“The underground railroad, instrument and symbol of enslaved African Americans’ determination to achieve freedom, was a major factor in the sectional polarization that led to the Civil War.” Here‘s a review of Eric Foner’s Gateway to Freedom: The Hidden History of the Underground Railroad.

Vanishing Grace

As a Christian, I have deep concern about how we represent our faith to others.

-Philip Yancey, Vanishing Grace: What Ever Happened to the Good News?

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Bolano & More

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“Today, 11 years after his death, [Roberto] Bolaño is surrounded by a halo of adoration. Many of his readers bring a fervour of devotion to the books which, for their fearsome erudition and undertow of the fabulous, invite comparison with the ficciones of the Argentine maestro Jorge Luis Borges.” Here‘s Bolano: A Biography in Conversations.

“Although she has a small cult following, I’ve been struck by the number of friends in Italy—intellectuals, journalists, readers—who had never heard of [Elena] Ferrante until I mentioned her.” Here‘s a review of Those Who Love and Those Who Stay and other Ferrante novels.

“I don’t come from a privileged background, I just happened to write a book that sold a lot. My mother was literally dying. She had nothing. She left her drunk husband. She started a school. I left home at 16, I lived on the streets. I had nothing” Here‘s Arundhati Roy.

Here‘s Miranda July’s debut novel The First Bad Man: “The story of Cheryl, an aggressively polite fortysomething who is entering her third decade in employ at Open Palm, an organization which was once a nonprofit promoting self-defense education for women, and which now produces lucrative exercise videos utilizing the jab-and-kick building blocks of their previous Model Mugging-style simulations.”


 

American Pulp & So Much More

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“For a vivid decade or so, sleaze was, somewhat paradoxically, a force for literacy and empowerment. The pulps brought new readers to serious fiction, making it less intimidating with alluring art and low prices. Isolated lesbians learned that there were other women like them via books whose covers aimed to titillate heterosexual men. Paperback publishers distributed their titles in African-American neighborhoods because it expanded their market base. American Pulp celebrates these unabashedly commercial books as “an expression of democracy” and an affirmation that culture was for everyone.” Here‘s Wendy Smith on American Pulp: How Paperbacks Brought Modernism to Main Street.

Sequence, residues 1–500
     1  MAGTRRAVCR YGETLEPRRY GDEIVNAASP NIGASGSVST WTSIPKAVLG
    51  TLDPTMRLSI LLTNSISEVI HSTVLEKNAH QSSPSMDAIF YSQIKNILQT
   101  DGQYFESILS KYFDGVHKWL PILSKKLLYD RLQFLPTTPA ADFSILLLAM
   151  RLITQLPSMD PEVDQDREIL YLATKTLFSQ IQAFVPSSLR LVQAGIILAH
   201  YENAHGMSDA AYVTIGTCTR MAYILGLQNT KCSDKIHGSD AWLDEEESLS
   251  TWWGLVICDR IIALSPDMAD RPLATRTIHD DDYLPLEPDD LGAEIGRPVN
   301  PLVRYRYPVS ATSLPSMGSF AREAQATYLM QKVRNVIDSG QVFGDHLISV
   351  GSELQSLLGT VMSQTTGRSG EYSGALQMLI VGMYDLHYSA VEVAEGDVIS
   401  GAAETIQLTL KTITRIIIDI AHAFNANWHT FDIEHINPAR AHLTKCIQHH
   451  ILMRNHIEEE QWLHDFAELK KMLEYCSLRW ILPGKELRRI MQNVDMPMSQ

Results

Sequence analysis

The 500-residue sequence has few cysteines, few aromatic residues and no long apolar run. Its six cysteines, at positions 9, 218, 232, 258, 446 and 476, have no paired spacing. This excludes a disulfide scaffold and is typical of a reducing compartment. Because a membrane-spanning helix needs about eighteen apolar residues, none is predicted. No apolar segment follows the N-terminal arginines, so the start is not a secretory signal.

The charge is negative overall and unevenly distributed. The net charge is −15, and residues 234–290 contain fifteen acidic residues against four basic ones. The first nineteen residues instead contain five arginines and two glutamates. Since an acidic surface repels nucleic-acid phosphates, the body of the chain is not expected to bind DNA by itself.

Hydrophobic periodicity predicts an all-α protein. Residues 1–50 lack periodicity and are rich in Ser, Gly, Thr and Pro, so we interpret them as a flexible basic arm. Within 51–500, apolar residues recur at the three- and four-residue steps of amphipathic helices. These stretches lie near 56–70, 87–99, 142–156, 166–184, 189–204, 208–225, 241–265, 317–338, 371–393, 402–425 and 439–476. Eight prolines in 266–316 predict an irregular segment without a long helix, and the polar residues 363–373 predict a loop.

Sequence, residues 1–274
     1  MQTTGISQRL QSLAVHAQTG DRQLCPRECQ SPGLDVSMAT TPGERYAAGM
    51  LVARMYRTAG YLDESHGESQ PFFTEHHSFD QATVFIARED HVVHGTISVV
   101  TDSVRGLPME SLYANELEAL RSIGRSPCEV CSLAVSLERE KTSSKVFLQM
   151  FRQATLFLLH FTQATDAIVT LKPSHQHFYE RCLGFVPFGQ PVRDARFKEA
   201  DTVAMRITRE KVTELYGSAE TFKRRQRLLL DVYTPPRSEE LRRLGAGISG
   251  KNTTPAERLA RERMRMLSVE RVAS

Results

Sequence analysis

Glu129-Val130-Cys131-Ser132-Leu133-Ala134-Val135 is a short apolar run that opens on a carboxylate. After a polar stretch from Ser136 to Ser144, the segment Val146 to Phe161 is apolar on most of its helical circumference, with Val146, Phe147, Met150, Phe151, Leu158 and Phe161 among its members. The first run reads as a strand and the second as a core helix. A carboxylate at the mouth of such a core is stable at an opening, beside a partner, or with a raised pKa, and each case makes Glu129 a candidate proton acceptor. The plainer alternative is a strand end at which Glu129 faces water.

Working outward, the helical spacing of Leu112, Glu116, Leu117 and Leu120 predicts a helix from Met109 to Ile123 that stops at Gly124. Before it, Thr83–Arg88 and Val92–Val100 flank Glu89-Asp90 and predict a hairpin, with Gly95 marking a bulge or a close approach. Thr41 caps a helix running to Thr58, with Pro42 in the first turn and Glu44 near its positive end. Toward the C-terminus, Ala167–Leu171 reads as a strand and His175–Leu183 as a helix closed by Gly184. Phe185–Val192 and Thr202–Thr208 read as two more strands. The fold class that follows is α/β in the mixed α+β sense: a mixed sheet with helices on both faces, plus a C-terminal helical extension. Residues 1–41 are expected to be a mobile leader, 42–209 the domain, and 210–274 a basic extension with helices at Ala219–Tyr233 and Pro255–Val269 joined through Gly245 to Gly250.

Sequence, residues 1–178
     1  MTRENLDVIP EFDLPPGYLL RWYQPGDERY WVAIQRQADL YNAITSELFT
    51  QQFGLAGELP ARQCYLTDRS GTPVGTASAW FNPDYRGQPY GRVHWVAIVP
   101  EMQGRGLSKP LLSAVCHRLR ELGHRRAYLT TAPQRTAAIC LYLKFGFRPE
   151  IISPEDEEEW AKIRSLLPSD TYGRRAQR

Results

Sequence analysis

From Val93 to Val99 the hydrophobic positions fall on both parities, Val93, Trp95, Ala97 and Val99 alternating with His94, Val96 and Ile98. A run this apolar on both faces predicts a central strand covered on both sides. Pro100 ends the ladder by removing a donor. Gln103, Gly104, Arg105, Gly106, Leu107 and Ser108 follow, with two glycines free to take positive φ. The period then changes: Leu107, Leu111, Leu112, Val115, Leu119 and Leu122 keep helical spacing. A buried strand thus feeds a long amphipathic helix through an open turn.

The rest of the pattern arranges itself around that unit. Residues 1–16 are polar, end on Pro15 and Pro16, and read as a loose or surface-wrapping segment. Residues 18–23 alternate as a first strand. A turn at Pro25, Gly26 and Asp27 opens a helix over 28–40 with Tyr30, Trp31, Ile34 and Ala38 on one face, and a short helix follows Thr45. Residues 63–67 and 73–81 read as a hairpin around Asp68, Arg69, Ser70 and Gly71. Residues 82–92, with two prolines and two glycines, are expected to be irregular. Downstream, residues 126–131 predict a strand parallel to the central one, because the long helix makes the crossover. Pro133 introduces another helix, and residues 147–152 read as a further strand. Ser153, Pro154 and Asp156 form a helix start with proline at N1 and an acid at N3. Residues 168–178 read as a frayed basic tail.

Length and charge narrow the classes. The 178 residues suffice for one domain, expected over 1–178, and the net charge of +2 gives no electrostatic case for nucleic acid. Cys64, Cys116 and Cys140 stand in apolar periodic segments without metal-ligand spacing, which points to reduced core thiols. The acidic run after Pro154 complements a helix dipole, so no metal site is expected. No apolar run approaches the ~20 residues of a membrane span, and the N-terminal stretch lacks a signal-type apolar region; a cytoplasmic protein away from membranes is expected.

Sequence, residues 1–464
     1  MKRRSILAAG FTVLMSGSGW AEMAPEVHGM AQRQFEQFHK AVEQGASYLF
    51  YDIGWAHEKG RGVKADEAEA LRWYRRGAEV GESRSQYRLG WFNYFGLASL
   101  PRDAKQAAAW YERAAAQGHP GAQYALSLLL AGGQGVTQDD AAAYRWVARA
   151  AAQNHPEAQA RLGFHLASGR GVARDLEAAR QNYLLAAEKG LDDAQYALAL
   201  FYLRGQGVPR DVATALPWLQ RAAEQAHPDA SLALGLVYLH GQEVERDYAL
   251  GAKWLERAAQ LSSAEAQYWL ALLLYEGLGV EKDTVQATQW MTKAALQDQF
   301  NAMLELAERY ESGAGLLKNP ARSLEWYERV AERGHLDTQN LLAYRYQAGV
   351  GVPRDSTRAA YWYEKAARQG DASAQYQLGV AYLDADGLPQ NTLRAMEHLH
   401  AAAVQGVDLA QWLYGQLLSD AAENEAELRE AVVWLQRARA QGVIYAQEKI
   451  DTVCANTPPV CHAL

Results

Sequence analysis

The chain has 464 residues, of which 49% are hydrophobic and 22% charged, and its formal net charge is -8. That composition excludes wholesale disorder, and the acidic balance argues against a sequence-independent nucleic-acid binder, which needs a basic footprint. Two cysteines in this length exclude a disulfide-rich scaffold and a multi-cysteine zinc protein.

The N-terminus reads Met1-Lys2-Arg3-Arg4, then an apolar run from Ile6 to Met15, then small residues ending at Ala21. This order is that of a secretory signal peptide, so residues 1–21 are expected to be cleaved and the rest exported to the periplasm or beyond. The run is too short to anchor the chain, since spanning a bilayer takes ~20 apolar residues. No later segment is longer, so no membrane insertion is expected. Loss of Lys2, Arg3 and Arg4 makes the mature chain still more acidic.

“What happens when we take our brains to the movies . . . from the politics of propaganda to the physiology of the eye.” Here‘s Jeffrey Zacks’ Flicker: Your Brain on Movies.

“His voice seems geared to the overeducated American college graduate plodding toward adulthood, tired of sarcasm but resorting to it too often, suspicious of belief but desperate for faith, awash in meanings but lacking Meaning.” Here‘s David Foster Wallace.

One third of the world’s poor live in India. Ironically, India is also home to the world’s first billion dollar residence, built by tycoon Mukesh Ambani—net worth, $23.6 billion. Three miles from Ambani’s Mumbai mansion-in-the-sky are the Dharavi slums and the ‘beggar mafia,’ a syndicate known for intentionally blinding and amputating the limbs of children to garner more sympathy from tourists.” Here‘s a review of Living on a Dollar a Day: The Lives and Faces of the World’s Poor.

“Two new novels, originally written in [Jack] Kerouac’s native French tongue, are being edited and translated for eventual publication in 2016.” Here.

“Mastering and using skills is one of life’s greatest pleasures, yet it is the very thing that automation works against by distancing us from being actively involved in the world. Not only do we become prone to “stupid” driving mistakes as we blindly follow our satellite navigation systems but we rarely exercise our mental mapping skills and lose the pleasure of wayfaring in the process.” Here‘s Nicholas Carr (The Glass Cage).

“Organized money is going to win unless we change the rules of politics, constitutional law, and the economy.” Here‘s a review of Zephyr Teachout’s Corruption in America: From Benjamin Franklin’s Snuff Box to Citizens United.

 

Those Who Leave and Those Who Stay

I saw Lila for the last time five years ago, in the winter of 2005.

-Elena Ferrante, Those Who Leave and Those Who Stay (Book Three of the Neapolitan Novels)